Under the Hood with ReGen's Alette Nalder

Alette Nalder

Alette Nalder’s journey has seen her battle her mental health to rediscover her passions and understand how interconnected her choices are with people and our planet. 

Alette’s passion for reducing the impact on our planet began with her mother's choice of toilet paper. Her Year Two teacher at the time was delivering a lesson on how ecosystems were being disrupted by humans and Alette vividly recalls learning about the toxic dyes often used to create the purple printed flowers on toilet paper polluting waterways.

Like any passionate six-year-old, she went home and demanded her mum stop buying the printed toilet paper – a demand her mum has upheld to this day.

This passion continued throughout her journey and has now seen her undertake personal and professional endeavours to learn and reduce the impact she has on our planet.

Now as ReGen Strategic’s sustainability and environmental, social and governance (ESG) advisor, Alette is excited to share her passions with her clients.

Growing up, Alette spent a lot of her time moving around, living in Perth, Sydney and Melbourne. She loved being on planes, and the excitement of arriving in a completely new place sparked her future dreams of travelling the world.

She also spent a large amount of time on her family’s farm in Wagin. She loved feeling the change of seasons and the knowledge of locals on how to care for the land so it cared for you.

“It was a great time in my childhood, picking mushrooms at Easter to cook on the barbie, clearing the bush and having massive bonfires, it was freedom,” she says.

In high school, Alette thrived in creative subjects such as photography, literature, drama, film and media. But, after experiencing bullying in early high school, she says she struggled a lot with her mental health.

“I had pretty awful anxiety and struggled in social situations and putting myself out there unless someone else was there that I needed to show up for,” she says.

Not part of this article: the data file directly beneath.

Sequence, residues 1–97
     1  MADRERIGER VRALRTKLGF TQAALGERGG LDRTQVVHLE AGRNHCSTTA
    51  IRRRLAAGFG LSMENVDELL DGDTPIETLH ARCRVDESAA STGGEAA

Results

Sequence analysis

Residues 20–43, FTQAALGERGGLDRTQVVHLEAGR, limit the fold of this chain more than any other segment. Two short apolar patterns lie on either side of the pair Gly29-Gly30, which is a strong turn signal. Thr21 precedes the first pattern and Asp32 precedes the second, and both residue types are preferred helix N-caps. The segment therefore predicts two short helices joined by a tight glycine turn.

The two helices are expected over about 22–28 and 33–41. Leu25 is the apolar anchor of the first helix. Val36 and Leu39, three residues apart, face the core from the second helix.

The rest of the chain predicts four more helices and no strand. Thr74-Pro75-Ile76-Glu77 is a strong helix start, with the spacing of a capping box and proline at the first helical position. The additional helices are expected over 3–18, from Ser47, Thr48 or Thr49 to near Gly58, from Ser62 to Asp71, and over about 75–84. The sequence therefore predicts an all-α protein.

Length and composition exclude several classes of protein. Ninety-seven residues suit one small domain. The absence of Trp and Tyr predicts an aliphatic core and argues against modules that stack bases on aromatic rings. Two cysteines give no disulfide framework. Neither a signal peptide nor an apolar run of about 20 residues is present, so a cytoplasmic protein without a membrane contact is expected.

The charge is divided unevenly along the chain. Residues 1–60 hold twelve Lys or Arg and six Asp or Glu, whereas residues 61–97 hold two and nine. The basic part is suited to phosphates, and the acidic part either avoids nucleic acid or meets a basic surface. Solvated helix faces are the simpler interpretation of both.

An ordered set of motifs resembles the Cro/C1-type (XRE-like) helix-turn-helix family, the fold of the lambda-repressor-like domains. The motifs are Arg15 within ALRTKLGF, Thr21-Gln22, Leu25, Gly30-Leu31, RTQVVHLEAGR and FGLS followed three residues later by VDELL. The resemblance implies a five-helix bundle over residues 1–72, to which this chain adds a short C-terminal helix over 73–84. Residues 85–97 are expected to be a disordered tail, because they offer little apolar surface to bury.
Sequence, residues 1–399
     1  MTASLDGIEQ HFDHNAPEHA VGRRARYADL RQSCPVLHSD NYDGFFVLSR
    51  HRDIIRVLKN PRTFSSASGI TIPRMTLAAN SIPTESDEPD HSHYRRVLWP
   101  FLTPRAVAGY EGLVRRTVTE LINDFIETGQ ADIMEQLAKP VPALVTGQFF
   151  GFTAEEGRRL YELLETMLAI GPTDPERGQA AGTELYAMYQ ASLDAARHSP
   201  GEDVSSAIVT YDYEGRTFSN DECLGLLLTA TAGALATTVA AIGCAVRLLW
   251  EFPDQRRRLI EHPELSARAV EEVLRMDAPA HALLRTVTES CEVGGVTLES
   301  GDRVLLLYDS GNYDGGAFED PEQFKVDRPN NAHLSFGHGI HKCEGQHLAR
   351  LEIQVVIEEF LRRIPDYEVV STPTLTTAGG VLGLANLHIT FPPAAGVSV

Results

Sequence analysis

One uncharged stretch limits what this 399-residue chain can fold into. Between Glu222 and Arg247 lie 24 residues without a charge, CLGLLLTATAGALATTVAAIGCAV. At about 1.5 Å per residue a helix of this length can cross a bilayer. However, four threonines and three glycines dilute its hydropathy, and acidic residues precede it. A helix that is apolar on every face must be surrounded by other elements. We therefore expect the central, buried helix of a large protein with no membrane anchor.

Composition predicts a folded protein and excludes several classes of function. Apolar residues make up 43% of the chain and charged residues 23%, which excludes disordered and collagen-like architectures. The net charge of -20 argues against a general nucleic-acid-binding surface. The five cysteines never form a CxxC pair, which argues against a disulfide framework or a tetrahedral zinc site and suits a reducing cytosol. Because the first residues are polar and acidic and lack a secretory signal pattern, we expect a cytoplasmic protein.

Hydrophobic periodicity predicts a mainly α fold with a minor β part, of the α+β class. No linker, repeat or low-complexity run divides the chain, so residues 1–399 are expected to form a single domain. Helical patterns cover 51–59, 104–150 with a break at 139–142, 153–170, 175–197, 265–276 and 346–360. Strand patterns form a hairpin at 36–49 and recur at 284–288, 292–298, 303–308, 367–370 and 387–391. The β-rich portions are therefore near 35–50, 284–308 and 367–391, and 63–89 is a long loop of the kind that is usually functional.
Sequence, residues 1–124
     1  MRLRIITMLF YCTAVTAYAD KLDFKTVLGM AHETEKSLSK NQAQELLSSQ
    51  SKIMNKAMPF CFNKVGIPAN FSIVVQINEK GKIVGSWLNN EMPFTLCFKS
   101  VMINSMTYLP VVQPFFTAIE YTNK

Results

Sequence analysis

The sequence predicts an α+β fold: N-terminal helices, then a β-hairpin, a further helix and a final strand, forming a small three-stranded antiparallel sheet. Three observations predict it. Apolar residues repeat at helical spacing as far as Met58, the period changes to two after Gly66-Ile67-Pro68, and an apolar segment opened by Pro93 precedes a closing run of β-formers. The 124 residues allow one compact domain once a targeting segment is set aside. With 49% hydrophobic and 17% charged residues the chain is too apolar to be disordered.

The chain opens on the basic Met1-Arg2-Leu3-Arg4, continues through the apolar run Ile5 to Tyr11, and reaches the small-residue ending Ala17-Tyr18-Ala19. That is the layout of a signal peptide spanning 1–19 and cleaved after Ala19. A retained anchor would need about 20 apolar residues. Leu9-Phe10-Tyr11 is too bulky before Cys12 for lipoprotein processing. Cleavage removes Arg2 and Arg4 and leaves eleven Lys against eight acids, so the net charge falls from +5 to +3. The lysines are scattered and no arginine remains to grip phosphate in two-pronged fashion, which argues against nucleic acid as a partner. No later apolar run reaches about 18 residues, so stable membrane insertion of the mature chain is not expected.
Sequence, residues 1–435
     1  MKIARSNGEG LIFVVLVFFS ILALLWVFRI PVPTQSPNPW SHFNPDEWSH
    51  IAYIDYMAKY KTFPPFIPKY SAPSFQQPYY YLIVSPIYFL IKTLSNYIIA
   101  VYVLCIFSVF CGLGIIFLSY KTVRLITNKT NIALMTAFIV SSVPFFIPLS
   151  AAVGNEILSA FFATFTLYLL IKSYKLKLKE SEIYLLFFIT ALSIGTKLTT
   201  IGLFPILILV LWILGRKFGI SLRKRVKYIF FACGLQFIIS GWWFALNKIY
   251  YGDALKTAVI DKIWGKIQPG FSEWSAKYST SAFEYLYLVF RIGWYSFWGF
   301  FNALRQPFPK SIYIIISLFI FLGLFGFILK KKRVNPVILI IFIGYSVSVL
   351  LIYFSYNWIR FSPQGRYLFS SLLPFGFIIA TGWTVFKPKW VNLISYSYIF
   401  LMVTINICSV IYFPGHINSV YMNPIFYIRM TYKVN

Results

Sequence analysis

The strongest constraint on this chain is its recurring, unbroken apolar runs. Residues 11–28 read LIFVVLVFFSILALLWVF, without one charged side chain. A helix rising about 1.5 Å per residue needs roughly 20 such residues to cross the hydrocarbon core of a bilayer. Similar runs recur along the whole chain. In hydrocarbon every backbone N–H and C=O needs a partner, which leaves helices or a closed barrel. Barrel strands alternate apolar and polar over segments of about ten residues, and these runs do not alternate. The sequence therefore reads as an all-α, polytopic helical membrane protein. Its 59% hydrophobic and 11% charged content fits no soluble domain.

The pressures of her anxiety continued into her young adulthood.

“My family was also somewhat high profile when I finished high school and I had to be cautious about how I presented myself,” she explains.

This made her lose a lot of her passions and love for life, and as any teenager became a little lost in her pursuit to fit in with those around her.

Acting on advice of her friends and family, Alette chose to study Arts Management at the Western Australian Academy of Performing Arts (WAAPA). 

But Alette dreamt of new places and adventures, so deferred her studies at WAAPA to travel.

She applied for a working holiday in Japan and spent the months leading up to it acclimatising to travelling alone.

Alette started in Norway, spending a few months living with her cousins before she backpacked through north-eastern Europe with her cousin from Australia. She started to realise how the pressures to fit in were limiting her character.

“My favourite part wasn’t the tourist spots or tours, it was the hostels, bars and cafes where we’d randomly run into other travellers and just get chatting,” she says.

“I had some of the best memories with people I’d only met that day and have never seen again since.”

After her adventures through Europe where she always had someone by her side, she landed in Japan – no language skills, no connections with anyone and only two weeks of accommodation. Only 19 years old, she let her anxiety take over her first few weeks in this new world.

“Apart from going to work once a week, my anxiety kept me locked in my room watching shows,” she explains.

“It was the first time I had full freedom and my brain stopped me.”

Despite the initial obstacle, Alette started reaching out to meet-up groups with other expats in Tokyo, where she began to finally rediscover her true love for the planet and the amazing people in it. 

“I didn’t have expectations on who I needed to be or how I needed to act. I was able to let go and allow myself to come out of my shell whenever I met new people,” she says.

Alette extended her working holiday twice, moving to Osaka and spending her remaining year in Kobe, where she found the community of expats who gave her the space and love to just be herself.

“Putting yourself in uncomfortable situations is living. Being complacent and comfortable is the worst place to be,” Alette says.